You work full time as a technology executive, how do you find time for writing?
Balancing work, my personal life, and writing is a huge challenge. I also now have a new category competing for time which is promotion activities. For some reason, I have an internal alarm clock that goes off at 6am, even on the weekends. So, I typically write from 6am to 9am on Saturdays and Sundays. I sneak in small amounts of time on weekday evenings, when the writing is going well. Lately, I just try to make a little progress every day.
“Do You Realize?” is the winner of four literary awards. You must be very proud of this accomplishment. Does this recognition add any pressure in terms of writing another book?
I am proud of this book and I absolutely feel the pressure for my next book. But it’s not due to winning awards, it’s understand everything that comes after publishing a book. There is an advantage to be a first-time novelist and being a little naïve. I’ve learned so much and now all of that is in the back of my mind when I write. It means a slower process, but hopefully it also means an easier time through editing and rewriting. I certainly want my second novel to be better than my first and that ups the stakes.
Did you always want to be a writer/Author or is this a recent decision/calling?
I’ve always been a reader, and a reader that enjoyed guessing where the story was headed. I think that’s the first sprout of a writer. I tried my hand at writing a novel in my thirties, but the story dried up. I felt like I didn’t have enough to say. When I hit fifty I felt a strong urge to try again. And this time, I had a much broader set of experiences to draw upon, and I was able to put together a full story.
Did working in the field of technology help you in wring this book?
Only a little, it’s not necessary a creative, left brain career. However, being a leader, I did have to learn to express my thoughts and ideas in a way that others could understand. And I like to think that it has given me an ability to explain some complex subjects in a straightforward manner.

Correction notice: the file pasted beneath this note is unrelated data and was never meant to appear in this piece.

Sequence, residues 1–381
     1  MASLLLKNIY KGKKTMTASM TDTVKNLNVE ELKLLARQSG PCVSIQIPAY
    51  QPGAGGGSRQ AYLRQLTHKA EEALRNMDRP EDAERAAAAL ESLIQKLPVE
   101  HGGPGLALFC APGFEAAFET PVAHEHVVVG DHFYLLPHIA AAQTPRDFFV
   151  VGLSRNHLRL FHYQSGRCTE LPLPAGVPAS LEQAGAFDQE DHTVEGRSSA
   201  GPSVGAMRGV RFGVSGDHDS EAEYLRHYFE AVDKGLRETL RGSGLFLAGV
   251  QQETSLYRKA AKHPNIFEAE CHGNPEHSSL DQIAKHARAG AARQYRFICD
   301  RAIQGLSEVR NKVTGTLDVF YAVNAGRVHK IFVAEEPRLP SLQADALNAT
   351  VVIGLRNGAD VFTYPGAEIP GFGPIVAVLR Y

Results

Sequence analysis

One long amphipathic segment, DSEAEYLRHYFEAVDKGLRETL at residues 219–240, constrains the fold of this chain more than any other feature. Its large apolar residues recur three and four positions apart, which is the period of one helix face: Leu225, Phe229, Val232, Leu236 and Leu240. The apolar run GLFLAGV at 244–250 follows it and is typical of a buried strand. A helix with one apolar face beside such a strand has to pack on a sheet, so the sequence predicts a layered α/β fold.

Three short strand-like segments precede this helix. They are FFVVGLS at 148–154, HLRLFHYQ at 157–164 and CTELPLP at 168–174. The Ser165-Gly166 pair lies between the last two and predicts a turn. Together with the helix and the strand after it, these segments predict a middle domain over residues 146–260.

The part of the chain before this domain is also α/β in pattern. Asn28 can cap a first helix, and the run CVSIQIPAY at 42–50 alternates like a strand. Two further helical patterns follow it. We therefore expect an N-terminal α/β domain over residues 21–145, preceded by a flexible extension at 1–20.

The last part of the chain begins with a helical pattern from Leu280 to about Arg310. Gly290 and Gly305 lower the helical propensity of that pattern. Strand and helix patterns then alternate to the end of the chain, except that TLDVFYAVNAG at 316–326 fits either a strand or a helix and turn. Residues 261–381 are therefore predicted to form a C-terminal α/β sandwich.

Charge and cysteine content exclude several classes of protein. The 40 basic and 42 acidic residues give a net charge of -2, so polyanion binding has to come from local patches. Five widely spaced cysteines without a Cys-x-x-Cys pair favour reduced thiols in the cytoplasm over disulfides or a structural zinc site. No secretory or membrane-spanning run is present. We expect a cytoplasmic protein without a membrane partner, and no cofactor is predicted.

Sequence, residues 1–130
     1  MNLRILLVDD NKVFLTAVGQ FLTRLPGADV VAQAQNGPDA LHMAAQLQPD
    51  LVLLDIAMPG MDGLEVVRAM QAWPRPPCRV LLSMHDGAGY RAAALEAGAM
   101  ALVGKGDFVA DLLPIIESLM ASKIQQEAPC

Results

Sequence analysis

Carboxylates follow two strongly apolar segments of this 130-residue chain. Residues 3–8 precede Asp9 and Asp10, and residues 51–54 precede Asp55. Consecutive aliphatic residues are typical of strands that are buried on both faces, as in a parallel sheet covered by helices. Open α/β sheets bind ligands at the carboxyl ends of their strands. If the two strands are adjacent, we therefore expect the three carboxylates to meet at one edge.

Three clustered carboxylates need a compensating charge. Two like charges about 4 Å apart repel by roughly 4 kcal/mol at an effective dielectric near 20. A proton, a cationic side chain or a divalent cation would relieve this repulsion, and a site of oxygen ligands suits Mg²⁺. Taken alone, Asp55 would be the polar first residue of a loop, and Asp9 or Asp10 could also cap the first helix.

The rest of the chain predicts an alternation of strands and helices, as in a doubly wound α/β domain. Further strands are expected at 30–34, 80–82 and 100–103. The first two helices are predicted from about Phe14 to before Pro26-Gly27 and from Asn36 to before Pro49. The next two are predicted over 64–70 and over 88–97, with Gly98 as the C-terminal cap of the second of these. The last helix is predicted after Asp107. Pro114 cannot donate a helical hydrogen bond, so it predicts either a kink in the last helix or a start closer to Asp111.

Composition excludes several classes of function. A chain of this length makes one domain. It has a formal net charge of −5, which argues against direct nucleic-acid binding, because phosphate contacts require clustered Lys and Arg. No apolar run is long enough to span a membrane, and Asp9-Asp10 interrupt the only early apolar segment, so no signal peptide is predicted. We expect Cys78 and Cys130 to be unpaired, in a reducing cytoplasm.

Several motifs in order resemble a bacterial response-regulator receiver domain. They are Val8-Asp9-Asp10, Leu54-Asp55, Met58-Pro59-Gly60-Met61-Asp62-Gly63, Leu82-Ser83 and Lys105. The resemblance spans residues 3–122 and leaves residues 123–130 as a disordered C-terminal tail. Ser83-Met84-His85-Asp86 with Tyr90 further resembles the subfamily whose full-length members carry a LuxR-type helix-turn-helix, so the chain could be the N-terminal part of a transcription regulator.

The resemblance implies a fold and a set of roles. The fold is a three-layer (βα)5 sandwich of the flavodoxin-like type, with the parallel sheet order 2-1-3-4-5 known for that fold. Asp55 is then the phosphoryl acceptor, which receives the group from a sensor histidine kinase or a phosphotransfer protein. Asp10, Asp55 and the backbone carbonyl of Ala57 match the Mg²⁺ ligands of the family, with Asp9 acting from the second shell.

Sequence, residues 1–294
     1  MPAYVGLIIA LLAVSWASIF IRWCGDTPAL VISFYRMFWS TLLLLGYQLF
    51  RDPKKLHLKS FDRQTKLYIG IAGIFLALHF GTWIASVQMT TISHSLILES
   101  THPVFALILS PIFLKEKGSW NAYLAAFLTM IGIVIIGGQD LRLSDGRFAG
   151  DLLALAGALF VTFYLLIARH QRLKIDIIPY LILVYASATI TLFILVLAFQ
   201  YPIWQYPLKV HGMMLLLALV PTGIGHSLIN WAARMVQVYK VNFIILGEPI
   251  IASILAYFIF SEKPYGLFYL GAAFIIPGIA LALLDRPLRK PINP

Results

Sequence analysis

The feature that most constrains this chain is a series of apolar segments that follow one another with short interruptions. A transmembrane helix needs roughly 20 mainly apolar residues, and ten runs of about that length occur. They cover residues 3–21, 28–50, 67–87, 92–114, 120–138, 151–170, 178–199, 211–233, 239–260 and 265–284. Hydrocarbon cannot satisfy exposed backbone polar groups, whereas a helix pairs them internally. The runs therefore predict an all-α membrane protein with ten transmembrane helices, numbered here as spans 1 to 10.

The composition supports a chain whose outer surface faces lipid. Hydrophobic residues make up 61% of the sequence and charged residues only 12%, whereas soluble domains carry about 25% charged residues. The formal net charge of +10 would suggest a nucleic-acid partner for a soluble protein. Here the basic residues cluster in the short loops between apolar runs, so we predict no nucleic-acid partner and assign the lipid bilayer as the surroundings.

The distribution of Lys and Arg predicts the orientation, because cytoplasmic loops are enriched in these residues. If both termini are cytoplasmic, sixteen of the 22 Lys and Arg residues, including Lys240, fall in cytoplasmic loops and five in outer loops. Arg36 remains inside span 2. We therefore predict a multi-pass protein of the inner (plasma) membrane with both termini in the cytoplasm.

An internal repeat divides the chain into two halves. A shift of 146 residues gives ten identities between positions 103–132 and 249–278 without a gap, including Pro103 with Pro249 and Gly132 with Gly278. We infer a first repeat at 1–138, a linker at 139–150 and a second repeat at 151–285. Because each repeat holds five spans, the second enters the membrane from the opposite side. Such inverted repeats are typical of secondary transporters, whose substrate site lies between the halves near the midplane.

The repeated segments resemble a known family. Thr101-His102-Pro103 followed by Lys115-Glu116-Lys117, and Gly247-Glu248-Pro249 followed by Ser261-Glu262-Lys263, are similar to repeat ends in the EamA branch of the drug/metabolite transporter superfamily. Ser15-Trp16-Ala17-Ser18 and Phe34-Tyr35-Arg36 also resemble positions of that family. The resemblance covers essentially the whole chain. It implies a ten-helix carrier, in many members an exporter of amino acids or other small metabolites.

Do you have any advice for aspiring Authors?
Yes, my advice is to start, now! Writing is a muscle and the more you exercise it the stronger it will become. So, if you’re not ready for a short story or a novel, just journal about your life. Write about your past, write about fears, write about your dreams. Write down your unique observations on life and you will be surprised how they become rich fodder for stories down the road.
Herman Melville once said, ” To produce a mighty book, you must choose a mighty theme.” I am always fascinated with how Authors come up with their story-lines/ideas/themes for their books. How did you come up with the idea of “Do You Realize?”
My novel came from several different places. First, I had just hit fifty and was going through a bit of my own mid-life crisis. When you realize half of your life is over, it’s hard not to spend some time think what’s it all about. In addition, I had been reading some science books that I was finding fascinating, everything from quantum mechanics to stellar evolution. I had some ideas to tie some of that thinking together. In addition, you should see some parallels from “It’s a Wonderful Life” in my book, which is one of my favorite movies. Finally, I have kids that are moving though life and now and then I sit down and write them letters with some thoughts and advice on life. I borrowed from all these things and tried to tell a story that would connect these subjects.
Out of all the characters who have written in this book, do you have a favorite character and if so, why is this character your favorite?